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33

Here is a photo of a peppercorn. You can see why a ground one might contain both black and grey bits.


30

The "browning" or "coloring" of food during cooking and baking1 is a reaction of temperature and/or time. As a rule of thumb, the hotter your pan or oven, the faster the food will brown. There are two chemical reactions (or rather chains of reactions) that play a significant role in cooking: The Maillard reaction, which affects proteins (-> browning a ...


26

No, as far as I know pasta made with squid ink, often called nero di seppia, should be stable, and the ink doesn't normally bleed into the water. From my experience after boiling black pasta, even the fresh kind, the water comes out clear like with regular one, with just a bit of clear starch being left behind. If you boil regular and black pasta mixed ...


16

Hojicha is a green tea which is made from bancha, a low grade green tea, and cooked slightly; this very inexpensive green tea often comes out brown because it is discolored by oxidation. Other than this variety, and some very stale bancha, I can't think of a Japanese green tea that comes out brown. Some stale kukicha might come out brown, and low quality ...


16

As the USDA says, the protein myoglobin is the main cause of the red color of meat; it achieves this color when exposed to oxygen. Red meat (or dark meat) is myoglobin-rich, from "slow-twitch" endurance muscles, while white meat has little myoglobin, and is from "fast-twitch" muscles. So it really is the protein in the meat, as you guessed! But we can ...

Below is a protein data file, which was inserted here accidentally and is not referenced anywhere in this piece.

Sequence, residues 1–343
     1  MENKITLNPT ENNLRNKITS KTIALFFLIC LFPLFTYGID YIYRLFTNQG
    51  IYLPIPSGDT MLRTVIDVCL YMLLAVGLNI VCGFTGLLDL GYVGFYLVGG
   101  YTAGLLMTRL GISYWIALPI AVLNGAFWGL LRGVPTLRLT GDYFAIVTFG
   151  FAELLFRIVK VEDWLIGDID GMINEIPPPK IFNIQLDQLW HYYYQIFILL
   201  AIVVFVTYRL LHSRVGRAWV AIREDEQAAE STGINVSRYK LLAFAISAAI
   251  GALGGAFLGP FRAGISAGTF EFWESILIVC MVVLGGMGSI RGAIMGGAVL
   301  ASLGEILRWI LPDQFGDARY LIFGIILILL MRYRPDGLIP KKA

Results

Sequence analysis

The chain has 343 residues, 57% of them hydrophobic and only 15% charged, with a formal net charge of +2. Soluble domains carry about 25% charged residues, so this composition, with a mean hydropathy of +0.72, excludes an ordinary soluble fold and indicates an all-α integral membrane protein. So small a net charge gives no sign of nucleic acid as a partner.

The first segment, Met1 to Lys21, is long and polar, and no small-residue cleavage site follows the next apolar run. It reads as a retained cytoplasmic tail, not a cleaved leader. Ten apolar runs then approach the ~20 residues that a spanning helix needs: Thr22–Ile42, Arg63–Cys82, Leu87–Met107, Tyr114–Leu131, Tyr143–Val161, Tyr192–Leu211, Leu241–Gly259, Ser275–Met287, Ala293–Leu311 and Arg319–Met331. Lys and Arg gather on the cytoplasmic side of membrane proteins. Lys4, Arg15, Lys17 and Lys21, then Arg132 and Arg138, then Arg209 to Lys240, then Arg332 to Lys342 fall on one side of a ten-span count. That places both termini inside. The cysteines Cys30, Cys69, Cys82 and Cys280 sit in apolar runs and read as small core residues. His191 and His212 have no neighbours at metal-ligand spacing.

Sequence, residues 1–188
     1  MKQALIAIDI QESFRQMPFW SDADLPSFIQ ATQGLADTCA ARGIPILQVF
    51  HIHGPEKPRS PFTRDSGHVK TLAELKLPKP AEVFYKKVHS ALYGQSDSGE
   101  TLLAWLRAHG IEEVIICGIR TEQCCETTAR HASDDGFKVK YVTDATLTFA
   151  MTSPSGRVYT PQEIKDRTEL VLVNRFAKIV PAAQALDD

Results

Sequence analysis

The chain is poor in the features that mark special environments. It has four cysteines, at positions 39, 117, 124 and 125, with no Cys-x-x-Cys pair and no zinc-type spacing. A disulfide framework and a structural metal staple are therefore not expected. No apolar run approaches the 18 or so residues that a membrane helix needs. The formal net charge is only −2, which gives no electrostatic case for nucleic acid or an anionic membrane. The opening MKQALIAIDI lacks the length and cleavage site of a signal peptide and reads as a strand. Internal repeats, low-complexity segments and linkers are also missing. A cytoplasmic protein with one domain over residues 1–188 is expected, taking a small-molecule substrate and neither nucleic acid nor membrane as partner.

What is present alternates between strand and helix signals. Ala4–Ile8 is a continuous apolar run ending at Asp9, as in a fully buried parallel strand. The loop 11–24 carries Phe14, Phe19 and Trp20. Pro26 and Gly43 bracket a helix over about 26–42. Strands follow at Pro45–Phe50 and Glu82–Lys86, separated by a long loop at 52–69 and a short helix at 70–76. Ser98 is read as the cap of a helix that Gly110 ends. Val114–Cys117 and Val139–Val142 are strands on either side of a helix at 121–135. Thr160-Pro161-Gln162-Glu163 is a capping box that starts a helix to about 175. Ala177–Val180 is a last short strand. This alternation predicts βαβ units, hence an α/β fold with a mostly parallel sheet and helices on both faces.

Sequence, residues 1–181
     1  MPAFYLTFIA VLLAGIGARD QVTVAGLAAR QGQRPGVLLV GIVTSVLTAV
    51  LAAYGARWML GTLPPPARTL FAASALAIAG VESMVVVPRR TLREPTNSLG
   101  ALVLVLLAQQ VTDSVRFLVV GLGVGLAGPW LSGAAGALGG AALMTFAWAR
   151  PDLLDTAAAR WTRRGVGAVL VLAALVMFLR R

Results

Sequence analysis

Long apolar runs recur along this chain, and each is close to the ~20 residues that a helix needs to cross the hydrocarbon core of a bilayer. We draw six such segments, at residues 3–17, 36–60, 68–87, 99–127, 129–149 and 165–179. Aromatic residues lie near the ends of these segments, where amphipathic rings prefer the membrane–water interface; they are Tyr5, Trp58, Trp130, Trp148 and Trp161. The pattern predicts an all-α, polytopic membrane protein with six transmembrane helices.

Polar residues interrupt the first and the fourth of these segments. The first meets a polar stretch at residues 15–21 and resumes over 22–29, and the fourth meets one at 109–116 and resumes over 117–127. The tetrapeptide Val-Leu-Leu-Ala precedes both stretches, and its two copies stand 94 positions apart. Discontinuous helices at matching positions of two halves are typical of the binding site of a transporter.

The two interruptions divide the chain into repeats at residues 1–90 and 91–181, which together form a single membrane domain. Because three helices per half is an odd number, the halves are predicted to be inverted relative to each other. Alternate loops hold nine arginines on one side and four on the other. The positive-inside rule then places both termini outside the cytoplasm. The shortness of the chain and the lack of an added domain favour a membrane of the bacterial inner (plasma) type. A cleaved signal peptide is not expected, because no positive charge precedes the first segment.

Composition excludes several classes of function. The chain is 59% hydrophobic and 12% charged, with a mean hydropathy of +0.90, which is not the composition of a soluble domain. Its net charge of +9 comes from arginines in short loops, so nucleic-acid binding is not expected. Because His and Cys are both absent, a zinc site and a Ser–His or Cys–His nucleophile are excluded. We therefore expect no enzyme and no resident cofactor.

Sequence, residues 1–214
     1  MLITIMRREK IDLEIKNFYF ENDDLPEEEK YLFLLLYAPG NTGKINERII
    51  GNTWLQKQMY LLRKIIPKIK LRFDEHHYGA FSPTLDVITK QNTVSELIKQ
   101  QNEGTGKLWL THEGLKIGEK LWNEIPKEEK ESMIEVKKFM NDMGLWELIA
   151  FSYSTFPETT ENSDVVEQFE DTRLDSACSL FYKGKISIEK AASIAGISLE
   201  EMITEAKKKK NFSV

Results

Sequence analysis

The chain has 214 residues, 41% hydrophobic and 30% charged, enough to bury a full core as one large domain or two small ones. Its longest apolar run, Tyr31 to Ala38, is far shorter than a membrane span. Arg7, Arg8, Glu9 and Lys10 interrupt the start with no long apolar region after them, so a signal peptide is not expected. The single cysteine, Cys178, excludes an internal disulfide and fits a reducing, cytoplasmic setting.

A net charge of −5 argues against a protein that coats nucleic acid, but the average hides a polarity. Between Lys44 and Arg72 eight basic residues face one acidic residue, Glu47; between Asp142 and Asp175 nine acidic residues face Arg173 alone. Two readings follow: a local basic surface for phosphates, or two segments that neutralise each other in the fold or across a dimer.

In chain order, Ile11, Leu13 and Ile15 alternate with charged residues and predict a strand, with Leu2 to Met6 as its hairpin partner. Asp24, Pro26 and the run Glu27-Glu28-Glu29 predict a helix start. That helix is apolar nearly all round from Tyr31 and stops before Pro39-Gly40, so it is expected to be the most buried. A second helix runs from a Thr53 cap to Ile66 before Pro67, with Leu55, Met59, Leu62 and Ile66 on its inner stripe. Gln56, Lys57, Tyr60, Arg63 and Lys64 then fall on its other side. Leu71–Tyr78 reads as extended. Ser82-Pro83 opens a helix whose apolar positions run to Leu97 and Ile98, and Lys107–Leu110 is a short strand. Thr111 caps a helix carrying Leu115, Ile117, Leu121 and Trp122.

14

Ah, we consumers and our expectations: Egg yolks are yellow. But in reality, yolks come in a range from pale yellow to deep orange. The colour is determined by the food (wheat makes lighter yolks than corn, for example) and can be influenced by feeding "colourants" for a darker hue. Some regions allow even artificial dyes, but a pinch of paprika will do ...


13

It's quite likely that the steaks that ended up darker were dry when you started cooking them. If you don't dry off the surface of your steak, the heat is used to evaporate the moisture on the surface, which ends up steaming the steak rather than developing a good char/crust. The darker colors are the result of a chemical reaction that results in more ...


12

While many pictures show them deep red (perhaps for the dramatic effect?), even orange flesh wih only some red tinge is normal. Even the wikipedia link you gave in the question states: The Moro is a "deep blood orange" meaning that the flesh ranges from orange-veined with ruby coloration, to vermilion, to vivid crimson, to nearly black. The color of ...


11

It appears that the pH of your bread changed during baking. Beets are red because of their anthocyanins. According to Wikipedia: Anthocyanins can be used as pH indicators because their color changes with pH; they are pink in acidic solutions (pH < 7), purple in neutral solutions (pH ~ 7), greenish-yellow in alkaline solutions (pH > 7), and colourless in ...


10

Squid ink is used to make black pasta, no reason it wouldn't work with butter. Good fishmongers should be able to source it for you.


9